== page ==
May 31, 2014

Northern California’s landscape is impressive. The mountains are certainly majestic and crossing the Golden Gate Bridge and seeing the mountains in the distance is thrilling. The Sleep Train Pavilion is an outdoor amphitheater about 45 minutes outside of San Francisco and is nestled into the side of a mini-mountain. A good portion of the seating is covered by a roof overhang and the lawn section in the back is well-groomed and comfortable, just the place to listen to an outdoor concert. On this night, the weather cooperated and it was in the high 60’s and sunny. The venue manages to seem cozy, although it is quite large.

There were long lines to enter the grounds well before show time and long lines at the merchandise booths. As always, fans came long distance to hear Barry sing. Yes, LONG, like from Mexico and Japan. So, how was the show? It was nostalgic, sentimental, and full of remembrances that had a bit of a softer edge tonight. Although Barry has been emotionally jarred after certain poignant moments thus far, tonight he seemed to be more sensitive and easily moved by both the music and the audience.

Getting teary is my specialty; and I’ve been able to keep control for the most part, but when Barry’s exterior stoicism cracks, that’s all I need to pull out the tissues. Especially on “Immortality”, Barry seemed more emotionally fragile, and his tribute to Springsteen was front and center gentle and sensitive. These are two of my favorite moments of this show. The audience isn’t the screaming, wild group at this juncture, and it’s because they are so moved by Barry’s voice and interpretations that they get lost in the melodies. It’s like being hypnotized and lulled into a zen state of being.

Performing again without Samantha, Barry spoke of her with tenderness and asked the audience to wish her well. Helping fill the void, Stephen gave an especially powerful performance of “On Time”. No matter how many times I hear this, I marvel again and again at how this suits his voice, and let’s just say that he continue to play the hell out of that guitar. Steve does always look so focused while on stage; but every once in awhile, I can see him glance at his father and there is a look of pride that is unmistakable.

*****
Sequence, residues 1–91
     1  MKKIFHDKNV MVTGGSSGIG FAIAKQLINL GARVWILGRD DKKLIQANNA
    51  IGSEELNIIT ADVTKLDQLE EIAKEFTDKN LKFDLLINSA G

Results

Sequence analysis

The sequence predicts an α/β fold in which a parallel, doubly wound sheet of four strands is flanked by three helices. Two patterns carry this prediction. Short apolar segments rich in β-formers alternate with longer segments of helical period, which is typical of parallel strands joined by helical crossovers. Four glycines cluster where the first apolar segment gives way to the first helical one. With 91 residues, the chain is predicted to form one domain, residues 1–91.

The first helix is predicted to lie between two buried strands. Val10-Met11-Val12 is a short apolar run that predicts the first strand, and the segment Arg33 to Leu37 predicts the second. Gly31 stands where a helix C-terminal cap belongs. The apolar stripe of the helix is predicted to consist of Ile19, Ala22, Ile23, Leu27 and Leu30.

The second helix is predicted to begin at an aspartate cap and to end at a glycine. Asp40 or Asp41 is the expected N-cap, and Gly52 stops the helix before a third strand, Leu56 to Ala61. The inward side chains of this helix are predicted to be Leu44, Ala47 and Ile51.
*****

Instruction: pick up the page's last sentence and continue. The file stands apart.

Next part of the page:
I think of Robin and how much it meant to him to be creating music with his son RJ, and I know that being on stage together and creating these memories of performance must be like a dream for both father and son.

I keep thinking of the line from the song “America The Beautiful”. “For purple mountain majesties”. So tonight we had two majestic sights, the natural landscape in the perfect environment and our majestic Barry singing to us. I think that the word majestic fits him perfectly because, although he is chilling out on stage and more relaxed, he is becoming larger than life as the tour progresses. I look at him and see the Mr. Spock of popular music. He opens his mouth, and the fans are transported, gone to another sphere. We’re in “the Barry galaxy”.

The audience was having such fun traveling along with him. No one wanted the night to end. I felt a strong heart tug of sadness because this tour will soon end. There are so many thousands of fans whose lives have been touched by the experience of being in the audience for The Mythology Tour and like a passionate love affair, I don’t ever want it to end.

About morobinbarrystories

Anne Jakowenko, the blog author, has been loving the Bee Gees for decades while raising her sons and teaching college students Speech Communication and English skills at her alma mater, Syracuse University, where she received her Master’s degree. She has also taught for SUNY Oswego and Barry University. Currently, Anne is teaching for the State College of Florida while she continues to collect stories for her book, My Life with the Boys.
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